Impact of anastomotic complications on outcome after laparoscopic gastrectomy for early gastric cancer
British Journal of Surgery, 04/18/2012Nagasako Y et al.
The aims of this observational study were to identify potential factors that predict anastomotic complications and investigate the impact of anastomotic complications in patients undergoing gastrectomy for early gastric cancer. Anastomotic complications after LAG lead to worse long–term survival.
The study included consecutive patients with histologically proven T1 gastric adenocarcinoma treated by LAG with regional lymphadenectomy between August 1997 and March 2008, who had not received neoadjuvant chemotherapy.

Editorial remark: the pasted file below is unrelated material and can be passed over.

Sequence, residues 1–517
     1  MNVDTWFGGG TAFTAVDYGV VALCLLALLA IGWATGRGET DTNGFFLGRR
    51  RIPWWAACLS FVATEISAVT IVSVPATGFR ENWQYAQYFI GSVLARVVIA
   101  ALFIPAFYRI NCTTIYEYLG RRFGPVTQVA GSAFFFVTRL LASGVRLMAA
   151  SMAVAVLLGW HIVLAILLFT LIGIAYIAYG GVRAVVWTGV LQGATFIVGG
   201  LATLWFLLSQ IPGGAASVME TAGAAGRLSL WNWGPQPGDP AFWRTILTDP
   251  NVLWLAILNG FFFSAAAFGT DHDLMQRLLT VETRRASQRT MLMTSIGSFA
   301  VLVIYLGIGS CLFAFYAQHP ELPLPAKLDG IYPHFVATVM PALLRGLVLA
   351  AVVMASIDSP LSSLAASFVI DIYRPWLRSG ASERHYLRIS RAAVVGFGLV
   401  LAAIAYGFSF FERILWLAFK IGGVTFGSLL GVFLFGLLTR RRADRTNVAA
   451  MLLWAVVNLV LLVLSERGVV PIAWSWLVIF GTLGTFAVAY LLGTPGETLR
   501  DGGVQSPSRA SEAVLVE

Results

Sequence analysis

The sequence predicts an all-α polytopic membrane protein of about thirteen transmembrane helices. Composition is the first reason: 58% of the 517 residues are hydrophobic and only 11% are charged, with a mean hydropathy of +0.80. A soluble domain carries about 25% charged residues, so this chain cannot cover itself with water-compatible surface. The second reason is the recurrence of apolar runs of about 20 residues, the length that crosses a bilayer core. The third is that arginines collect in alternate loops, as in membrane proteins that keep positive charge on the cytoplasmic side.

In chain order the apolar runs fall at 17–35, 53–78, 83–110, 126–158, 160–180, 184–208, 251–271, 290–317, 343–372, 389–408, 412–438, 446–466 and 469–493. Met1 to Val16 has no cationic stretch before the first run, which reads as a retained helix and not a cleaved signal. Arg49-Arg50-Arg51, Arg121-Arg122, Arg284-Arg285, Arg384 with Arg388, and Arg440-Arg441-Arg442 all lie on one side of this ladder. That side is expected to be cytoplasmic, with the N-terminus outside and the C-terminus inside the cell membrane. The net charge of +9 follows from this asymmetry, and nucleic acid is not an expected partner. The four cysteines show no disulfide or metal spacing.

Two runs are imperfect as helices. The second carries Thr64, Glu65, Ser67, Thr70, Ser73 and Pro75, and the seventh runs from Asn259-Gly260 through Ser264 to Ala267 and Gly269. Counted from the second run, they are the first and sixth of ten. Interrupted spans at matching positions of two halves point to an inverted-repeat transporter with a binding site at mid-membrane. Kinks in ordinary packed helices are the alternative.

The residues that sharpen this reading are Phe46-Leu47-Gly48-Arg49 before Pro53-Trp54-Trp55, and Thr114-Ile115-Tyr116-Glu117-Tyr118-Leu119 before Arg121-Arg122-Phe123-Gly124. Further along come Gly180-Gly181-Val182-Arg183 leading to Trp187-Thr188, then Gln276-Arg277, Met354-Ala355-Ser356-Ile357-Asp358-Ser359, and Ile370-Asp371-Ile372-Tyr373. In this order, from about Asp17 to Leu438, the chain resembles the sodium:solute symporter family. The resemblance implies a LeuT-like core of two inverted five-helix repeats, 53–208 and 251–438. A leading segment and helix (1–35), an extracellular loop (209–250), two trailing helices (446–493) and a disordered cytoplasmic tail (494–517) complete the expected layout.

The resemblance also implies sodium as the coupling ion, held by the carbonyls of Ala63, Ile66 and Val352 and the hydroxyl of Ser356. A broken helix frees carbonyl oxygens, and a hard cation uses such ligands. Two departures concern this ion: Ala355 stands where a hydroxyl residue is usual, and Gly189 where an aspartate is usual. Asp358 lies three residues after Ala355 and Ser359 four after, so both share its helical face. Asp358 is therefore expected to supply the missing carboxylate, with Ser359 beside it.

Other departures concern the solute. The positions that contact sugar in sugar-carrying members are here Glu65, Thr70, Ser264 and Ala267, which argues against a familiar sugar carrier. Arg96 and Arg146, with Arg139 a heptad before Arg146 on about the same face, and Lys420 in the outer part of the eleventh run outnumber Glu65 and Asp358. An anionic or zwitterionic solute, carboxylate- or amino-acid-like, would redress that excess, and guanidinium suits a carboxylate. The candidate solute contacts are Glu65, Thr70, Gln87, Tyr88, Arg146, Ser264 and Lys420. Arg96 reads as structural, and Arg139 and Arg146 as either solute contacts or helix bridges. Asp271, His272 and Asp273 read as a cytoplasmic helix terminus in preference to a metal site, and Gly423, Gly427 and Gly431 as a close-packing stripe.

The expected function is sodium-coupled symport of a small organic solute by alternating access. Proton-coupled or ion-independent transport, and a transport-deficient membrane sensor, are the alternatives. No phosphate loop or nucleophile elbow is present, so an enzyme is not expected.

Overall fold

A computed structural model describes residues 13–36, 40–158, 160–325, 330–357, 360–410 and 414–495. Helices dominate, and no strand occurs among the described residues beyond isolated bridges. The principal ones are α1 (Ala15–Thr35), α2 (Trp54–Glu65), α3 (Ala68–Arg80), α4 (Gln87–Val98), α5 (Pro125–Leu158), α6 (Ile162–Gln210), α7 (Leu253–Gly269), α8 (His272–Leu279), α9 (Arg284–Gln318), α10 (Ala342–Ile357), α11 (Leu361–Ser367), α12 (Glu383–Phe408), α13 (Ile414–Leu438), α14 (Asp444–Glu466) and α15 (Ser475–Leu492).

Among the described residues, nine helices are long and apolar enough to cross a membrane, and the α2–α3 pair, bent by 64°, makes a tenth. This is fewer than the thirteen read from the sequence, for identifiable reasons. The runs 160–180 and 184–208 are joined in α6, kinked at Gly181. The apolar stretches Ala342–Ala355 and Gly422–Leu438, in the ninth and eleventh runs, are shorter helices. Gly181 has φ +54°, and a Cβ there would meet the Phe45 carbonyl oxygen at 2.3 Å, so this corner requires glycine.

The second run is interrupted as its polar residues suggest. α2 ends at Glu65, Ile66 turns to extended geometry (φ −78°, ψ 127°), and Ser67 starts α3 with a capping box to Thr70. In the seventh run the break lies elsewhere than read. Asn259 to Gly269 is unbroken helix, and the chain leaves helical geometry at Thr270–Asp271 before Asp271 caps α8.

Anastomotic complications included anastomotic leakage, stricture and remnant gastric stasis of grade II or higher (modified Clavien classification) and were identified by clinical assessment and confirmatory investigation.
Predictive factors for the development of anastomotic complications were identified by univariable and multivariable analyses.
Long–term survival with or without anastomotic complications was examined.
Anastomotic complications occurred in 37 (9•3 per cent) of 400 patients.
Multivariable analysis indicated surgeon experience as the only independent predictor of anastomotic complications (hazard ratio 4•40, 95 per cent confidence interval 2•04 to 9•53; P < 0•001).
Patients with anastomotic complications had a significantly worse overall 5–year survival rate than those without (81 versus 94•2 per cent; P = 0•009).
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